For three weeks, the Karnes County Sheriff’s Office seized more than $55,000 from alleged gambling operations. Most of that money will go towards funding the Sheriff’s Department.
Karnes County Sheriff Dwayne Villaneuva announced in a press release that investigators with his office shut down an illegal gambling operation in Karnes County on Thursday, March 23.
The illegal Texas gambling operation on Hwy 181 just north of Karnes City was issued a search warrant from the Sheriff’s Office. During the raid, investigators seized illegal gambling devices and United States Currency. Authorities also took the game room operator into custody.
Villaneuva said in a Karnes Countywide article:
“The raid went smoothly and the operator is in custody. That’s what usually happens. We bring in the operator and charge them with possession of gambling devices and equipment and promotion of illegal gambling.”
In his press release, Villaneuva said his office was stepping up its efforts to tackle the issue of game rooms because “gambling in Texas is illegal” (save for a few instances).
According to the County Sheriff, investigations into illegal activities such as gambling, prostitution, and illicit drugs in the establishments will continue with the aim of eradicating them in Karnes County.
Villanueva continued: “The Sheriff’s Office continues to devote its resources to crime inside of Karnes County instead of sending resources to other countries and costing the taxpayers of Karnes County a lot of wasted time and money.”
While legislation filed in both houses would legalize Texas casinos, the game rooms in question would not fall under the jurisdiction of these bills, which focus only on large-scale “resort casinos.”
Is the Karnes County Sheriff’s Office policing for profit?
All in all, the Sheriff’s Office seized a total of $900,000 from criminal organizations conducting business in Karnes County, according to the press release. The Office used those funds to buy law enforcement equipment and to save taxpayers money.
Villanueva made it clear that his office doesn’t get all the confiscated money. A portion goes to the courts and the rest stays with the office.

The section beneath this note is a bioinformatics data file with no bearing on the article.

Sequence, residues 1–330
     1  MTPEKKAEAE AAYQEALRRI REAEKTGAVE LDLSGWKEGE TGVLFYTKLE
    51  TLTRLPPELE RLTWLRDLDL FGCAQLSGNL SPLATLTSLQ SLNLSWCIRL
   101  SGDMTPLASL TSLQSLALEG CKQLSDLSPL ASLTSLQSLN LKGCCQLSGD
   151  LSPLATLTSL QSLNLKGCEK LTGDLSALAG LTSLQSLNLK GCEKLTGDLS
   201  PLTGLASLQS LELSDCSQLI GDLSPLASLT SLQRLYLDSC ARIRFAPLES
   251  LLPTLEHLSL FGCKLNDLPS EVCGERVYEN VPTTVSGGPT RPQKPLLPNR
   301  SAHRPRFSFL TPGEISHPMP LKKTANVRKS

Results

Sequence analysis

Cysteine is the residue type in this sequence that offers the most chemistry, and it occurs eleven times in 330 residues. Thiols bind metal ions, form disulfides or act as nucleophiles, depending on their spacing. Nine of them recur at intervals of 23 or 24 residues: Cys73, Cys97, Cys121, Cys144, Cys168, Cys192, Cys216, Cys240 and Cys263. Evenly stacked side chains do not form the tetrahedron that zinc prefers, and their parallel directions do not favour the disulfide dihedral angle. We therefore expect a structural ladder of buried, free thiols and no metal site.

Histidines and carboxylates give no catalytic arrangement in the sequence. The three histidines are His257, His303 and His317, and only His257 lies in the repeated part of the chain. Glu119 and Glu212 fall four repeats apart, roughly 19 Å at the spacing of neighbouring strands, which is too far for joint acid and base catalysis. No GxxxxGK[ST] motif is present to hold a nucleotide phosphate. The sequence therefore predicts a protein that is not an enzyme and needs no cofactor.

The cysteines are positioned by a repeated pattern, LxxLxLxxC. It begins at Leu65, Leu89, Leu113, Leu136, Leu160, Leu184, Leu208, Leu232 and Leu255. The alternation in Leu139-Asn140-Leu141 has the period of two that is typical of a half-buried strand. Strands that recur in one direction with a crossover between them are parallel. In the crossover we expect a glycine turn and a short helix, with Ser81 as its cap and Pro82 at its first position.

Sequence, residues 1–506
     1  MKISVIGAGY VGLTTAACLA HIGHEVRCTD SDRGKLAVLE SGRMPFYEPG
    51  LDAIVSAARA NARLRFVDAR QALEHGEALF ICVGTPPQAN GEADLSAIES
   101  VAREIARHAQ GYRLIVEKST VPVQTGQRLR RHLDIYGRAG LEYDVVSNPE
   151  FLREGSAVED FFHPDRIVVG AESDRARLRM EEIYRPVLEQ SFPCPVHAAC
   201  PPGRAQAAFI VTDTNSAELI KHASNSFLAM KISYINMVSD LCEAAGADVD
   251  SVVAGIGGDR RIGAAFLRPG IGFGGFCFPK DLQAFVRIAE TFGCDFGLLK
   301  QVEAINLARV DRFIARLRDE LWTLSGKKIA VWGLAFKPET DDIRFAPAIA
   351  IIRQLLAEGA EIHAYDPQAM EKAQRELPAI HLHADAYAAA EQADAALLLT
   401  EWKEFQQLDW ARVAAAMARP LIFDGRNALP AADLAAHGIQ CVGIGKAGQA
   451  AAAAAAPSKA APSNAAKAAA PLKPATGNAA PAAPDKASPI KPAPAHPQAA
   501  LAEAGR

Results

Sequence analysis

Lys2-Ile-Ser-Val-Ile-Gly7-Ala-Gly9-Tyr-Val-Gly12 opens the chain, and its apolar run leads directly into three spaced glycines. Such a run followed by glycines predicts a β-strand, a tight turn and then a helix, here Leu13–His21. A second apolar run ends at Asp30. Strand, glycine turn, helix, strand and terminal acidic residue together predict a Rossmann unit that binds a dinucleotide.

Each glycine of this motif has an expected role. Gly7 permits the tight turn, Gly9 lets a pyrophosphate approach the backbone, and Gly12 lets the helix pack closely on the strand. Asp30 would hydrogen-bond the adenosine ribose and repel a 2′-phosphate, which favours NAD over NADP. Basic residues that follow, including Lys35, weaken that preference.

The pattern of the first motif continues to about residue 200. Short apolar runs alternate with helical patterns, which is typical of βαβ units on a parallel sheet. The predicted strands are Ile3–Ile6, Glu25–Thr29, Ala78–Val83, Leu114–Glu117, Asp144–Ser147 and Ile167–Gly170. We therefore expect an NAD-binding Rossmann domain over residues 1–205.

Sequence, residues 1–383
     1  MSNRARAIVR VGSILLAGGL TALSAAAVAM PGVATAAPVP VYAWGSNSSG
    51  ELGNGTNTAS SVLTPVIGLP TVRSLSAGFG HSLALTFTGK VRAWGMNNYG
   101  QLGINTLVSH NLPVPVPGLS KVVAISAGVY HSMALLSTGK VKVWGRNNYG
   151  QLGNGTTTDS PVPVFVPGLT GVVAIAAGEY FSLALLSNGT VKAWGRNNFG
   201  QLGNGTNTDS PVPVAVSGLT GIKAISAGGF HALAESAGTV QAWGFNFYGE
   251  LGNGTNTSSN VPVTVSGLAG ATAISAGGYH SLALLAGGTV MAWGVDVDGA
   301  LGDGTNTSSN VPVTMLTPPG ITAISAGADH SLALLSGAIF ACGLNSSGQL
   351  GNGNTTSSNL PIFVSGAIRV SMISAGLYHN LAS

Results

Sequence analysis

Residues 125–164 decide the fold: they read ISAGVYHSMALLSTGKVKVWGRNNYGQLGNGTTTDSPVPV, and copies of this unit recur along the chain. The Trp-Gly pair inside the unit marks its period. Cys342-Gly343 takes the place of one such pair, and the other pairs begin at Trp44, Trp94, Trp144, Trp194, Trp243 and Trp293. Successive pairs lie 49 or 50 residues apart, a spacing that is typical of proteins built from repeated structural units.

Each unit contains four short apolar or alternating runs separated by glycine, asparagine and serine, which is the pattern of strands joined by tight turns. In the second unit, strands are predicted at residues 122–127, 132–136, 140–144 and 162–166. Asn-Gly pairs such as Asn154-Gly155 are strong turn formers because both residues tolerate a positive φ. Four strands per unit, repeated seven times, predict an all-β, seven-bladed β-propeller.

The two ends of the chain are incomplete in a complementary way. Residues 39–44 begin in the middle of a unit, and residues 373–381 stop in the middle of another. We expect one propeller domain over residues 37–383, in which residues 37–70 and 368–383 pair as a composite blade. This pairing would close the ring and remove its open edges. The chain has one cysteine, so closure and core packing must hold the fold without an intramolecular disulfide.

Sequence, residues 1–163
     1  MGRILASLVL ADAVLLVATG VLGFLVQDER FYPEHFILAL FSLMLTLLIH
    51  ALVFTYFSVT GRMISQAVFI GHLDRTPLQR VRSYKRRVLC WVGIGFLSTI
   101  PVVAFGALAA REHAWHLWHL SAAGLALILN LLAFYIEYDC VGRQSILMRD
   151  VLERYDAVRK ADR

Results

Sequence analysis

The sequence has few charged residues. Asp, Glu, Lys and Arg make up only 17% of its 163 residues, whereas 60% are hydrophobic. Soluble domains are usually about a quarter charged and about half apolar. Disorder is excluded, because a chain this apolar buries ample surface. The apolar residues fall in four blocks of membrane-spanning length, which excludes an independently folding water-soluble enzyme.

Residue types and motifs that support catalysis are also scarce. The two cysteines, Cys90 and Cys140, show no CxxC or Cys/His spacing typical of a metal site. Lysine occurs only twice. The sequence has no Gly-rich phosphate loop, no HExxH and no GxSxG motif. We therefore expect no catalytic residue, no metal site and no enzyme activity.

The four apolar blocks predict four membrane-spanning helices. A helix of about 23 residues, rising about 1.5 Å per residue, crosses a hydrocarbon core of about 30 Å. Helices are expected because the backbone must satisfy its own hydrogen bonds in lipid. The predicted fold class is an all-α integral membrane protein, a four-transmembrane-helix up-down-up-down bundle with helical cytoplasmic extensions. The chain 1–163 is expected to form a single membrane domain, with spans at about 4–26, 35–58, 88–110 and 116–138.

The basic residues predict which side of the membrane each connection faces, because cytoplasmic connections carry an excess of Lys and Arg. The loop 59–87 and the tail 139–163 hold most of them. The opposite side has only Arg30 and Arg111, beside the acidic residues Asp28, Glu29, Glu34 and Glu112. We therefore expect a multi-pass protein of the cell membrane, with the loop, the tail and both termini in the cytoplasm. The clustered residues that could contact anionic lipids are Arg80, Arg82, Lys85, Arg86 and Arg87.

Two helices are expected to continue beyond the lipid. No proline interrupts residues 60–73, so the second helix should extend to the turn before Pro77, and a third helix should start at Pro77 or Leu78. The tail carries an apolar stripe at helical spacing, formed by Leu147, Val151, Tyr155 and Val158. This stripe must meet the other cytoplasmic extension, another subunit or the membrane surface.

Villaneuva and the Sheriff’s Office are working in tandem with the County Attorney’s Office and the County Commissioner to pass a county ordinance that would end illegal gambling in the county. Villanueva said:
“If you go back about five years ago, these gambling rooms were outlawed in the Karnes City limits. That’s why we’ve seen them popping up throughout the county. Karnes County has never had an ordinance in place.”
Using seized money from game rooms to fund law enforcement is common practice in Texas. Under Texas forfeiture laws, law enforcement is authorized to seize property they believe has been or will be involved in a crime.
The property may be cash, a car, personal belongings, or, in the case of gaming rooms, gambling devices and equipment. This practice, however, raises concerns that law enforcement is policing for profit. And that they are relying on asset forfeiture to subsidize their department’s budgets.
While law enforcement is quick to condemn game rooms, these establishments are usually up and running shortly after a raid. That leads many to believe there is a profit incentive for the police.
Texas poker clubs receiving similar treatment to game rooms
There have been numerous crackdowns on card rooms in Texas. A high-profile situation occurred in January 2022 when the Texas Card House in Northwest Dallas received notice its permit had been revoked. However, authorities allowed the card room to resume operations after an appeal with the Board of Adjustments.
Poker rooms in Texas have become very popular in the last few years, although they ride a fine line. They operate in a gray area of the law by not taking rakes from games. But instead, they charge players membership fees.
Both private card rooms and game rooms have a tenuous hold on their legal standing in Texas. While lawmakers are taking steps to clarify their positions, counties and cities have been left with the difficult challenge of deciding how and how much to enforce the current penal code.